Question mark over Haigh Hall’s historic status

Haigh Hall
Haigh Hall

The row over Wigan’s jewel-in-the-crown’s transformation into a hotel is rumbling on after campaigners questioned its heritage status.

The Friends of Haigh Hall Heritage and Open Access for All group has accused Wigan Council and Historic England of not making any real efforts to monitor work being done at the grade-II listed landmark by Contessa Hotels.

It then expressed bafflement at how it could be decided that the hall could have its Historic England condition moved down the at-risk list.

Wigan Council recently hailed a decision to alter the building’s grade to “fair” rather than “poor”, although the change of status had happened last November when the at-risk register was updated.

However, campaigners claim only three of the 16 planning conditions attached have actually been completed.

And they say the national organisation supposed to be overseeing heritage buildings bases its decisions on what local authorities tell them about at-risk properties.

And, though it disputed strongly the campaigners’ version of events, Historic England was unable to tell this newspaper when an officer had last visited Haigh Hall to check on the building.

A campaign group spokesperson said: “We were shocked to hear the news that it had been decided to downgrade the status to fair, when 13 of the 16 planning conditions are still outstanding. Only recently a member of the group has submitted a complaint concerning the lack of progress against planning conditions along with the general quality of work and health and safety issues.

“It feels like the community is having to step in and do the work one would expect from Wigan Council’s planning department. It feels like Wigan Council has given our hall away and washed their hands of any responsibility.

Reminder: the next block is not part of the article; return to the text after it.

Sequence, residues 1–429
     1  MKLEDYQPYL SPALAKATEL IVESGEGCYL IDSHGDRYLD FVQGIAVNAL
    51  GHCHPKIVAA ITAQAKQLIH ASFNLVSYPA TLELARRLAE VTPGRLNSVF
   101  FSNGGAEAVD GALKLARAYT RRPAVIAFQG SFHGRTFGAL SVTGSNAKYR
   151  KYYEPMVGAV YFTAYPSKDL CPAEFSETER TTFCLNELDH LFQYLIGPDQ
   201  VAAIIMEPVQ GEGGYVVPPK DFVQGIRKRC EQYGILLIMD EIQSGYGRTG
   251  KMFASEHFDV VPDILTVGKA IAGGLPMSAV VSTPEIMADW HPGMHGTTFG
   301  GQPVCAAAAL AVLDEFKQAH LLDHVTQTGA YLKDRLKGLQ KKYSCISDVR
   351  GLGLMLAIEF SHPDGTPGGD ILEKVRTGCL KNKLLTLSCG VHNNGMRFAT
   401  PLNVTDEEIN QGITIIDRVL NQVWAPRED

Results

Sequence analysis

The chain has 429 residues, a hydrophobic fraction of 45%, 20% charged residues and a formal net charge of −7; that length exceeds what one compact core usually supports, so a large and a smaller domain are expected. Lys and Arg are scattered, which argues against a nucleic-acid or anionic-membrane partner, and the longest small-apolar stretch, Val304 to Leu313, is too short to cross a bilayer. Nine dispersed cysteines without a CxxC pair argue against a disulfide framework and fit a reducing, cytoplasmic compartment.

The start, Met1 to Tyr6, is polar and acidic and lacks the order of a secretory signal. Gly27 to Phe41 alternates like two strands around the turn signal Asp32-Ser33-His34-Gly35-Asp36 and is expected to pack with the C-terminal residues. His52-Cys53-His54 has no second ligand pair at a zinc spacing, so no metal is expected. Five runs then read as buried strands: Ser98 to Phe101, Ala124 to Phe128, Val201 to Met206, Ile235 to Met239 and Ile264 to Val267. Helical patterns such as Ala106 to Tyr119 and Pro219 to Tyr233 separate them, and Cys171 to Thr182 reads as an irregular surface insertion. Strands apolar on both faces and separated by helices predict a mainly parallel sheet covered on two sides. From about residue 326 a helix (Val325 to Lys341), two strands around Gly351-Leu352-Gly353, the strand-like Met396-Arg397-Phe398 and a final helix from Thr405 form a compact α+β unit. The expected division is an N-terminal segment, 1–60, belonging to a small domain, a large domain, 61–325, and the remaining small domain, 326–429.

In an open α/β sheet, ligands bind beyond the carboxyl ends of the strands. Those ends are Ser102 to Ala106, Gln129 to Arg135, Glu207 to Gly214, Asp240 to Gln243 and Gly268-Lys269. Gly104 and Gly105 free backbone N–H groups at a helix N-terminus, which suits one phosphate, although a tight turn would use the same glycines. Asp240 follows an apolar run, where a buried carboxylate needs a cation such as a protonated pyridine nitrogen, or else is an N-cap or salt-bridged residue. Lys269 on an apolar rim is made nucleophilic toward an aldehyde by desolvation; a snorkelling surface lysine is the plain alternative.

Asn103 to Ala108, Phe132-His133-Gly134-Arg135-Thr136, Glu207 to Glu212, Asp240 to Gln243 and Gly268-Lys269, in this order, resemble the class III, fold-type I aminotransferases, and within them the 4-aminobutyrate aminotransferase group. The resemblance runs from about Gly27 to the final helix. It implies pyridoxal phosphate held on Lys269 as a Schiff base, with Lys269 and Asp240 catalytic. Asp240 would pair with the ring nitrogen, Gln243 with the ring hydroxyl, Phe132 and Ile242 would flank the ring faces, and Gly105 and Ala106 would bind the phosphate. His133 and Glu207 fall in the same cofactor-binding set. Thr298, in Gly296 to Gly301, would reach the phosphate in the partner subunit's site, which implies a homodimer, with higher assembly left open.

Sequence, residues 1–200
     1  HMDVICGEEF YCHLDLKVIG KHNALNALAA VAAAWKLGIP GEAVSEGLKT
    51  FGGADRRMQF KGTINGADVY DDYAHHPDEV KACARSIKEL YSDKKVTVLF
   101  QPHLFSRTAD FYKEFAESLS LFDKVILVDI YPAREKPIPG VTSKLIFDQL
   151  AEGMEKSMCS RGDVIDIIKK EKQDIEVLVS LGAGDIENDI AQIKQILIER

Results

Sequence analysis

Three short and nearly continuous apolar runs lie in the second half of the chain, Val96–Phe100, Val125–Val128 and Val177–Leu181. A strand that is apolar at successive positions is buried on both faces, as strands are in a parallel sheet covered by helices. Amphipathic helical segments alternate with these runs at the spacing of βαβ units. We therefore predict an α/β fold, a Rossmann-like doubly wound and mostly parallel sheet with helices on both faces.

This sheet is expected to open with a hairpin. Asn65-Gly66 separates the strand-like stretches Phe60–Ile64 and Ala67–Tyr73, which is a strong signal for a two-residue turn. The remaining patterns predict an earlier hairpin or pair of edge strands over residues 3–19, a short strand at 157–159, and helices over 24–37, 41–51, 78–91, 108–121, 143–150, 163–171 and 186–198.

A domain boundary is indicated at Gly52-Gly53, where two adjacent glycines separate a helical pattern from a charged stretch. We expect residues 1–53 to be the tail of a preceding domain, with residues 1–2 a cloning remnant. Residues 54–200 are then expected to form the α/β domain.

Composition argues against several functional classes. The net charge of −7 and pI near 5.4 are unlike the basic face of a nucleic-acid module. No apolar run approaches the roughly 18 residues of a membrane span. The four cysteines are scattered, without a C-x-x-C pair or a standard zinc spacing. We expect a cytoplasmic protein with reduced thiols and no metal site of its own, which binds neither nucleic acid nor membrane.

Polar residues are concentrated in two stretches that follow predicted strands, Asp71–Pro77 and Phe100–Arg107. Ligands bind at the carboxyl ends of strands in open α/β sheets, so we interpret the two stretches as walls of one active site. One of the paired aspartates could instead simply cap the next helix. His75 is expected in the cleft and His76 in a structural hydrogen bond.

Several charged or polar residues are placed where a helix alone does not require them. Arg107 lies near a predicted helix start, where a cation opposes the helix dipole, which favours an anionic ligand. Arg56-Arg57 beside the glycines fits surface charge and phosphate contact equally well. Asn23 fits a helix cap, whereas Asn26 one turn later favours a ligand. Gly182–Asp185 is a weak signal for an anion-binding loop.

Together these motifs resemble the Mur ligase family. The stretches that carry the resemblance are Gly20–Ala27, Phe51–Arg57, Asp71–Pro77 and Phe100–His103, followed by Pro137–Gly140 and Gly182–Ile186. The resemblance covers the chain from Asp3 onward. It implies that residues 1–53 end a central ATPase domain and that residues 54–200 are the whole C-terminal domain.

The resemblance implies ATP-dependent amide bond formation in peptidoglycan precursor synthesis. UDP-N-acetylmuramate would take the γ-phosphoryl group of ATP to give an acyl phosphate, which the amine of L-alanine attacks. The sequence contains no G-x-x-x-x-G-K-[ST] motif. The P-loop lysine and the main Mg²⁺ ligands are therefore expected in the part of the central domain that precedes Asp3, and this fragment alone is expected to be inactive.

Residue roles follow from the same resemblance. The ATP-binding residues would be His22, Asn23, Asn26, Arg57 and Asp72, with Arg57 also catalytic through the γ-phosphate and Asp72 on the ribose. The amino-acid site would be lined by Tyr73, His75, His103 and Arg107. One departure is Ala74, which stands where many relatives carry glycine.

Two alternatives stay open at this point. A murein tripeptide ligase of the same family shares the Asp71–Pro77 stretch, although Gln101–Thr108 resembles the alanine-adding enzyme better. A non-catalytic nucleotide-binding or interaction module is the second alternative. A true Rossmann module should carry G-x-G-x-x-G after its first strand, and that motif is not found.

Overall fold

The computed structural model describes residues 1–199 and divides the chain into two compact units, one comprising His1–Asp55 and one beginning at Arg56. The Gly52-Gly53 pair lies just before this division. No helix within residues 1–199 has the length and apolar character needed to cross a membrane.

“We have been in contact with Historic England and have been told that it doesn’t get closely involved in development once planning permission and listed building consent have been granted. The local authority leads on this.

“It is as if they don’t care. There appears to be no interest in ensuring that work is completed or that the workmanship is of a quality standard.”

Haigh Hall remains on Historic England’s at-risk register with its condition listed as ‘fair’. It has a priority of F, meaning that there is a “repair scheme in progress” and an end use or user has been identified.

Historic England has said the building will not come off the at-risk register until repairs are complete and the building is fully occupied. It also confirmed a site visit would have to take place before Haigh Hall comes off the register.

However, the organisation’s method statement admits visiting each of the more than 5,000 entries on the register annually is “far beyond the resources” it has.

Because of this it has to work “in partnership with local planning authorities, town and parish councils, amenity groups, community organisations and individuals (including owners)”.

Marie Bintley, assistant director for Wigan Council, said: “Last year, Haigh Hall was graded as ‘fair’ from ‘poor’ by Historic England as a result of the works to make the building secure and watertight.

“Having an end use for the building along with a long term plan is key to ensuring its long-term viability and potential removal from the Heritage At Risk Register entirely.”